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4 Benefits to CoastFIRE in Considering Early Retirement

By Sam Swenson, CFA, CPA – Sep 9, 2020 at 9:18AM

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Consider a less stressful professional environment before quitting forever.

The FIRE (Financial Independence, Retire Early) movement encourages its adherents to save as much as possible in the early stages of their careers, invest in low-cost index funds, and live frugally in an effort to enjoy a long, blissful period of non-work. This methodology can and does yield mixed results, however, in that people with the motivation and wherewithal to attain great career and financial success often have significant trouble adjusting to permanent lives of leisure.

This is why it's important to look at CoastFIRE -- the notion of transitioning to a less demanding job while allowing your nest egg to grow -- as a viable alternative to the idea of quitting work forever. Here are four benefits of the CoastFIRE strategy.

1. It will be easier on your psyche

Let's face it -- if you're a pragmatist and/or a realist, it's not difficult to accept that a paycheck coming every two weeks does provide peace of mind. Yes, even if you have enough money to retire. Yes, even if you think it won't bother you to draw down on your investments.

Those who do accumulate enough to retire early -- say, at least one million dollars in a high-cost-of-living area -- typically are quite intelligent, hardworking, and financially self-aware. Retiring is expensive, and retiring early is very expensive.

It's never easy to take from your money pile, even when you have done every stress test. Knowing that you have some earned income on its way to your bank account can provide a tremendous amount of comfort in living a more balanced and relaxed life. 

2. You'll have access to health insurance (maybe)

Of course, the most common way to access your own, low(er) premium insurance plan is to have the option provided for you via an employer. If you do choose to retire early, you may be faced with purchasing an expensive government-provided health insurance plan that does not cover many of the doctors or services you ultimately use. If you're married, you may have the option of joining your spouse's employer-provided plan, or perhaps you could take courses at a local university to take advantage of a student health insurance plan.

If you're in your 20s, 30s, or 40s, with no chronic conditions, you might be tempted to go without health insurance, but this is simply an unnecessary risk that could seriously jeopardize an early retiree's plan. The fact remains that coverage through an employer is a very valuable stake in the ground on which you can rely if you develop a chronic condition. Taking a less stressful job will provide more work-life balance and won't leave you worrying about ballooning healthcare costs.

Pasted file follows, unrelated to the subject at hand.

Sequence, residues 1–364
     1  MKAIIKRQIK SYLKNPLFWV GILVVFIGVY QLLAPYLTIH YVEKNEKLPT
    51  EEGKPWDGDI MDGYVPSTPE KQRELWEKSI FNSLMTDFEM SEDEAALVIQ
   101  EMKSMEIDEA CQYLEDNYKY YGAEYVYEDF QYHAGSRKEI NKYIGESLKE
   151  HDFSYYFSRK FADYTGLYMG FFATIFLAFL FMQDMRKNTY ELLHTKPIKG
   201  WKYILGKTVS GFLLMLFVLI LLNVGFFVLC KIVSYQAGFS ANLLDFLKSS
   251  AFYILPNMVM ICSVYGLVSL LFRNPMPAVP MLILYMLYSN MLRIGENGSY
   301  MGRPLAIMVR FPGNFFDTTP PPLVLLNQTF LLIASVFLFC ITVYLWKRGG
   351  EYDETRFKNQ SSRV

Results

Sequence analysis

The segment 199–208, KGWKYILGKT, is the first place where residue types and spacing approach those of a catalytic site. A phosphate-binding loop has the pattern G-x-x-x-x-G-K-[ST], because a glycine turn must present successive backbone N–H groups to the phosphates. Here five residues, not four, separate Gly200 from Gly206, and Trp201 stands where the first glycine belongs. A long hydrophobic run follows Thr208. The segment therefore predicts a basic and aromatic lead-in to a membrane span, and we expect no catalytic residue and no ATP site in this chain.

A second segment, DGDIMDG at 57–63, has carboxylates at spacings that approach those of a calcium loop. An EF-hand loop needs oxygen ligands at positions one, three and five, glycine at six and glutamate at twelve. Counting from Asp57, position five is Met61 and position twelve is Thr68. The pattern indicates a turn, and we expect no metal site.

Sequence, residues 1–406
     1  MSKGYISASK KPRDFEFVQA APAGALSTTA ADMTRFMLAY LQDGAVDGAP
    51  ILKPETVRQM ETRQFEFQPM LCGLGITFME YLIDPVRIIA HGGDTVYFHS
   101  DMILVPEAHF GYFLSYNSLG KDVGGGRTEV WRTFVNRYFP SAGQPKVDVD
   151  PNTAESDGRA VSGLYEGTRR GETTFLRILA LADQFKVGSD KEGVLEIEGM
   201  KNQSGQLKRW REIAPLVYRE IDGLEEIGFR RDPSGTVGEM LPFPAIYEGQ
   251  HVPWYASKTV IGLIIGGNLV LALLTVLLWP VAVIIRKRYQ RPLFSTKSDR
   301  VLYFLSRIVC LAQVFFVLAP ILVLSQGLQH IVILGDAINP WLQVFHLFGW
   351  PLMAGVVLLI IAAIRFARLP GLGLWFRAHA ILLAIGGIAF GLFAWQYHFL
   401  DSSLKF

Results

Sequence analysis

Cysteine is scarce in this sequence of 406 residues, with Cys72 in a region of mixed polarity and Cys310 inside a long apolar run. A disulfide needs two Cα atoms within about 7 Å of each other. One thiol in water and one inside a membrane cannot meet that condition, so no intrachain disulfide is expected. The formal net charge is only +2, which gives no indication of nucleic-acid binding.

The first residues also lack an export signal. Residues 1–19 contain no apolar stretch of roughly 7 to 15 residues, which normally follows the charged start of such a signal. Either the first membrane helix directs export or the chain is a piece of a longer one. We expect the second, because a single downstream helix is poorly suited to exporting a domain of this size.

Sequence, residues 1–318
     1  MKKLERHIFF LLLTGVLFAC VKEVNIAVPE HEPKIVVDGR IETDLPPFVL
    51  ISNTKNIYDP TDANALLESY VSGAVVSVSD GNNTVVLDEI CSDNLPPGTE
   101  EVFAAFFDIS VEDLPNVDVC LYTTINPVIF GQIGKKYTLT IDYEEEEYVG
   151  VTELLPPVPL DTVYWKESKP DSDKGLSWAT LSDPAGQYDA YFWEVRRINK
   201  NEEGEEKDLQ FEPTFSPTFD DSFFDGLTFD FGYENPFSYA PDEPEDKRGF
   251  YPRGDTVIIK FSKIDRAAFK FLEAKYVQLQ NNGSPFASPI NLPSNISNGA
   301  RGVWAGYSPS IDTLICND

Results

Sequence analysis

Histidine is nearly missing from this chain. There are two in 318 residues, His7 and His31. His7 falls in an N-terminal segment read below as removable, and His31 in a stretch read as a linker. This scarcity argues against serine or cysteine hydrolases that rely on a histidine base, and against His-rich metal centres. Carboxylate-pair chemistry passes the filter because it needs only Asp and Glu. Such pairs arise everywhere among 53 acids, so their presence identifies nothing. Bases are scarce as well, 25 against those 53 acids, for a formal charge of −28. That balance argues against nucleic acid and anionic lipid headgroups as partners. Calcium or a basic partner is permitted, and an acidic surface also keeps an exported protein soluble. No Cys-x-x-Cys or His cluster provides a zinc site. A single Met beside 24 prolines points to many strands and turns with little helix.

3. Your investments will have time to grow even more

Let's revisit the basics here: If you have some earned income coming in the door every month, you need to rely less on your portfolio to live. Even if you can cover half of your expenses from working, you're still reducing stress on your accumulated assets by only withdrawing a little to cover any deficits.

Every dividend you earn can be reinvested back into the investments you already own, rather than paid out to your bank account and immediately spent. Someone who has amassed enough to consider retiring early knows the vital effect of time on a portfolio, and the more you avoid the urge to touch your investments -- much less spend them -- the better off you will be in the long run. 

Man drinking from mug and looking at laptop

Image source: Getty Images.

4. You will keep your skills sharp

If you decide to quit forever, it's possible that your previously honed skills will begin to fade over time and the value of your human capital will fall. This is not only bad if you decide you want to go back to work one day, but it can also be very deleterious to your self-esteem to see your professional identity diminish.

There is something powerful about knowing you are being compensated for your skills -- that you're objectively rewarded for what you bring to the table. I suspect that many of those unhappy and stressed at their respective workplaces would feel a similar unhappiness with nothing to do all day and without a paycheck. The solution here, I propose, is to keep your mind strong and engaged through some type of paid work, but in a role that provides ample time for you to truly enjoy your life. 

Give CoastFIRE a look

I'm an ardent supporter of the FIRE movement and believe it has much to offer young to mid-career professionals in terms of its message and underlying tenets. It's certainly valuable advice to view life as a mosaic of several components (family, work, hobbies, friends, etc.) and not simply as a medium for endless professional obligation.

In considering the different flavors of FIRE, I've come to believe that CoastFIRE is a stable middle ground that doesn't quite go to the heights of extreme retirement but still allows for a very enjoyable existence. 

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